I had a somewhat tempestuous relationship with Burger. As Don Westlake told me, “Knox thinks tact is something you put on the teacher’s chair.” Don was also a client and it was Burger who connected us and allowed me to start a long correspondence and friendship with this key writer.

Under Yates, I also wrote No Cure for Death, the first of five novels about Iowa mystery writer, Mallory.

Mourn the Living had taken Nolan (as Cord) into the Iowa City of the late ‘60s. I wanted to bump the mid-twentieth century tough guy up against my generation. Bait Money took it a step further, with Nolan partnering with Jon, a young comic book collector and aspiring cartoonist who was very much my point-of-view character.

Originally the book was titled First and Last Time. The idea was that the heist in the novel would be Nolan’s last and Jon’s first and last, as Jon was not really a criminally inclined character. Nolan has no last name and Jon no first name, as a tip of the hat to Richard Stark’s Parker. The novel was close to a pastiche of a Parker novel, including utilizing Stark’s trademark point-of-view structure. I knew damn well I was writing an imitation of a writer I admired, but at the same time I was offsetting that by bringing in elements of my generation and my experiences. The bank Nolan and Jon rob, for example, is closely based on the one where Barb worked at the time.

The novel’s conceit was that if you really lived the life of a Steve McQueen movie character, you’d be used up by your forties. So Nolan had to die at the end.

But Burger hated that. He said, “Robin doesn’t leave Batman to die.”

I stuck to my guns and the agent shrugged and tried to market it anyway. It was a tough time for tough guy novels – frankly, it almost always is – and seven editors turned it down. At Pyramid, number eight, the editor knocked over his coffee cup on the manuscript, and felt terrible about it, though not enough so to buy it.

In those days, you had to submit a clean typescript. I mean, clean – even white-out raised eyebrows. Submitting a carbon was unprofessional, and photocopies were not widely available.

“Since you have to retype it anyway,” Burger said, “put a better ending on it.”

I did. SPOILER ALERT: Jon rescues Nolan.

I was still at the University of Iowa Workshop, going twice a week and on the other days teaching part-time at Muscatine Community College. I disliked the work intensely. I was working one-on-one with remedial students, some of whom were functionally illiterate and I had no idea how to help them. Things would improve in the next few years, when I moved to the classroom; but at that moment I was at my lowest ebb. Frankly, I broke down in non-tough guy tears and said to Barb, “Is this what I’m going to be doing all my life? Am I not going to be a writer?”

On Christmas Eve, 1971, I received word that Bait Money had sold. When I told Don Westlake, he said, “Sometimes God acts like O. Henry and there’s nothing you can do about it.”

The book sold to Curtis Books, the very next publisher it was submitted to, and the editor wanted a sequel.

I said to Don, “Once is an homage, twice is a rip-off. They want a series. What do I do?”

He told me to write it. He said the Jon character made Nolan more human than Parker and, in his view, made my concept a different animal. Over the years he would describe me as the Jayne Mansfield to his Marilyn Monroe. I would say, “More like Mamie Van Doren.”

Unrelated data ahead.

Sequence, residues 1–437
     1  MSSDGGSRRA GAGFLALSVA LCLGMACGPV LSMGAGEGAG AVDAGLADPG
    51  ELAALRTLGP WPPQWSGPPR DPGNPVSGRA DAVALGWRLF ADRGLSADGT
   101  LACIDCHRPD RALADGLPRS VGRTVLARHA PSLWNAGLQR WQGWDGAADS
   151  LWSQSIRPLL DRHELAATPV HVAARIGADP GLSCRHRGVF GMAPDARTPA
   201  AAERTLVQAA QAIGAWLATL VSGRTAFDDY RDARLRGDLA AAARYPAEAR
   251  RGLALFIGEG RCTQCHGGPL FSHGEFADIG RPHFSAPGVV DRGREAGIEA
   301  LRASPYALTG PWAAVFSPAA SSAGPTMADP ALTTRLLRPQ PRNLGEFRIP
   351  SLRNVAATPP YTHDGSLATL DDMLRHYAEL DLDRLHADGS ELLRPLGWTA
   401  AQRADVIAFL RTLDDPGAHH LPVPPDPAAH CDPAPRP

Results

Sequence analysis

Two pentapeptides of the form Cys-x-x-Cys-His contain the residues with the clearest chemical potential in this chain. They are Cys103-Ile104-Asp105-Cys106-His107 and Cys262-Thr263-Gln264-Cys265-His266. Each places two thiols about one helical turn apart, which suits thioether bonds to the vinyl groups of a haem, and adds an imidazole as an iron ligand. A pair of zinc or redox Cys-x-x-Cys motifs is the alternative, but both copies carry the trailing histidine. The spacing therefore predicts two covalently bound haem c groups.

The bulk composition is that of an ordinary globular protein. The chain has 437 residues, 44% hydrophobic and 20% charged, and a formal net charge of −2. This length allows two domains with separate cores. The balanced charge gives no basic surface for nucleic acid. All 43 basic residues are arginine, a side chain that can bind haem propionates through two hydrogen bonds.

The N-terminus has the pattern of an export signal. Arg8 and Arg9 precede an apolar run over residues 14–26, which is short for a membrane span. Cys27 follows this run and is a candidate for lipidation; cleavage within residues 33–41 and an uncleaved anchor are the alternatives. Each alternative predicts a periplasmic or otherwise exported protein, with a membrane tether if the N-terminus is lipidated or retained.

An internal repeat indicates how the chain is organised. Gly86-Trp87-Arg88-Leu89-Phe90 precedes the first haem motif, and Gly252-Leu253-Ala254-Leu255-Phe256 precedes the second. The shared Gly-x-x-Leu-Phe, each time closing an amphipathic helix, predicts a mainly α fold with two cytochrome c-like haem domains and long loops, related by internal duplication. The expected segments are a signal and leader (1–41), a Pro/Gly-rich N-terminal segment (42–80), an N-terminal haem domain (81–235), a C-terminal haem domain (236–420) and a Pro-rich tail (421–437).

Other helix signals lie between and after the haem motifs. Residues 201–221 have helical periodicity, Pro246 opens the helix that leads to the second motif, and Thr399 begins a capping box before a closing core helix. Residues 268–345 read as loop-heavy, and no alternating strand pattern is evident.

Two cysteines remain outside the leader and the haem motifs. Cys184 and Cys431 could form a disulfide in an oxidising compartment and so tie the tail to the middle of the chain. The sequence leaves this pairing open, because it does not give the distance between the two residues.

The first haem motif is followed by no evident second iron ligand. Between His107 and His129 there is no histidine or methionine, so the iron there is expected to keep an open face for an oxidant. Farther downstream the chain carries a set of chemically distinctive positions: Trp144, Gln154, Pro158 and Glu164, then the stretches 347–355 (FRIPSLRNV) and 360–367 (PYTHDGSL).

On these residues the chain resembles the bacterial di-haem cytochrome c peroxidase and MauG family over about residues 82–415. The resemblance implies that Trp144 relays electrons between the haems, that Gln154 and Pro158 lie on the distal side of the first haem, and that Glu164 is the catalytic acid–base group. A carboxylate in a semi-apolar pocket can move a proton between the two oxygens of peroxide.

Curtis Books also took the Mallory novel, No Cure for Death, and a sequel, The Baby Blue Rip-off. In fairly quick succession I wrote Blood Money, Fly Paper, Hush Money and Hard Cash in the Nolan series. Somewhere in there I also wrote Quarry, which was not getting any takers.

After the January 1973 publication of Bait Money and Blood Money came a long silence. Though I’d been paid, none of the books came out. After a year or two, I was told that Curtis Books had been swallowed up by Popular Library. Every now and then I was assured the books indeed would be published there. They never were.

In the meantime, Quarry sold, and I’ll talk about that next time.

And Nolan? In the early ‘80s, editor Patrick O’Connor – who had bought Nolan at Curtis Books – was now at Pinnacle. They had just lost Don Pendleton’s Executioner in a bitter custody battle rivaling any divorced parents. O’Connor bought all five Nolan novels, which I updated somewhat as they’d languished for a decade, and he wanted a new one. I provided that – Scratch Fever – and the new edition of Bait Money came out and did very well. For the first time I got royalties beyond the advance.

Then Don Pendleton threatened to sue Pinnacle because Nolan rhymed with Bolan. That is not a joke. I don’t think any two crime series could be more different than Bolan and Nolan, but the bitterness came into play and my successful series was cancelled. The final book came out with cover copy that did not include the dreaded name “Nolan.”

Nolan has gone on to two more book appearances, but that’s another story. No, two other stories.

MAX ALLAN COLLINS, a three-time winner of the PWA “Shamus” Award, writes the Nathan Heller historical thrillers. His graphic novel Road to Perdition became an Academy Award-winning Tom Hanks film. His produced screenplays include Mommy and The Last Lullaby, based on his Quarry novels, also the basis of a recent Cinemax series. He has developed a dozen Mike Hammer novels from Mickey Spillane’s files and (with wife Barbara Collins) writes the award-winning Antiques mystery series. He has scripted the Dick Tracy comic strip, Batman, and co-created Ms. Tree and Wild Dog. His New York Times and USA Today bestsellers include Saving Private Ryan, American Gangster, Air Force One, and several CSI titles. He is also an MWA Grand Master "Edgar" winner (2017).